Sunday, August 12, 2007
Best Mac in New York
One of the great treats about visiting New York is getting to eat the many varied types and styles of foods. During my recent visit, I kept noticing one particular menu item coming up again and again: macaroni and cheese. This comfort food staple has gone gourmet. I ended up eating it three times in five meals. Here are how some of the Big Apple’s cheesy noodles stack up.
Spankys. Normally New York is not where you go for barbeque, but this Times Square mega-restaurant had some convenient features. It was quick, inexpensive, and located between our hotel and the theater for Les Miserables. Our expectations were low, but the food was consistently excellent. Their Royal Flush Platter contains chicken, brisket, pulled pork, sausage, corn bread and three sides. It was billed as big enough for two, but with a side order of sliders, it filled up our family which includes an always-hungry teenager. For one of our sides, we picked the mac and cheese. The waitress warned us that it had vegetables in it. We saw that as a bonus, not a minus. Sure enough, there were small flecks of broccoli in it. The taste was slightly sharp and the cheese was smooth and even.
BLT Steak. For an excellent report card, rather than paying out in cash, we take our son out for a steak dinner. We often combine the reward with one of our trips to New York. This time he picked BLT Steak, a modernist take on the traditional steakhouse. Owner Laurent Tourondel is a celebrity chef with unoriginal names for his bistros. His other places are BLT Prime, BLT Fish, BLT Market, and BLT Burger. Like most fancy steak places, the sides are ala carte and one of the specials that night was macaroni and cheese with truffle topping. The truffles were there to justify charging seventeen bucks for mac and cheese. Since it was a treat for my son, we sprung for it and split it. The mac and cheese was well done and the thinly sliced potato chip-sized truffles were plentiful, but I have to add truffles to the list of foods I Just Don’t Get. Let’s leave the fungi off the comfort food.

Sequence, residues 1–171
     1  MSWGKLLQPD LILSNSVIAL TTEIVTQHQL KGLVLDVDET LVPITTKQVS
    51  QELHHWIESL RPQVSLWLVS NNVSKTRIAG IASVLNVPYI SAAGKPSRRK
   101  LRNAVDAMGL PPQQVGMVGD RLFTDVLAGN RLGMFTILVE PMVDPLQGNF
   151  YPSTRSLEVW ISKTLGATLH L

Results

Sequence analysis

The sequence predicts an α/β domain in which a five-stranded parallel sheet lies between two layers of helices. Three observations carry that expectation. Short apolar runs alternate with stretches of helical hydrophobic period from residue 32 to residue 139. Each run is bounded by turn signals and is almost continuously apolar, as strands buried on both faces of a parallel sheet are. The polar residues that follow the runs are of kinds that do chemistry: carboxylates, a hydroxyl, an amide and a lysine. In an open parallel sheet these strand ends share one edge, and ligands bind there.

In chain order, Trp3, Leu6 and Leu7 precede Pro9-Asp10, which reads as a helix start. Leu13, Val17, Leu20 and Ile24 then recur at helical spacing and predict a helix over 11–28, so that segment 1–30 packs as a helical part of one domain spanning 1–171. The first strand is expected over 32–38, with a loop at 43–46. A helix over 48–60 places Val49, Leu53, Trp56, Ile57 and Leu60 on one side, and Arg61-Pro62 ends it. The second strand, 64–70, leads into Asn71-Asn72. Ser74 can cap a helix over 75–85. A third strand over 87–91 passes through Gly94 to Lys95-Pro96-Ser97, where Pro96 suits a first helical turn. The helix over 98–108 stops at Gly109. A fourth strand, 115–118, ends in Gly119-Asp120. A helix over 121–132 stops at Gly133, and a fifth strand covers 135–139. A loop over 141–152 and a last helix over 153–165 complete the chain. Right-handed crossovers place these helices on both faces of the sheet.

Dumont Burger. On our way out of town, we had planned to visit Coney Island, so we decided to have lunch in the trendy Brooklyn neighborhood of Williamsburg, the area that all the artists, musicians, and hipsters moved to when they couldn’t afford Greenwich Village or the Lower East Side anymore. Dumont Burger was a narrow hole in the wall with no tables. You can sit at the bar or at one of the three long counters. And despite the rough appearance, don’t mistake it for a dive. The beer list includes Stella Artois and several brands too hotty totty for me to recognize. I had to have the mac and cheese entrée. Their version was baked in a oversized oval dish and was made with radiatore (corkscrew) pasta in a bacon and cheddar sauce with a thick gruyere crust. Clearly the winner of my weekend tasting spree.
It goes to show that you don’t need to go to a fancy Manhattan restaurant to get a great variation of an American staple.
BlatantCommentWhoring™: Where have you found an upscale variation of a classic dish?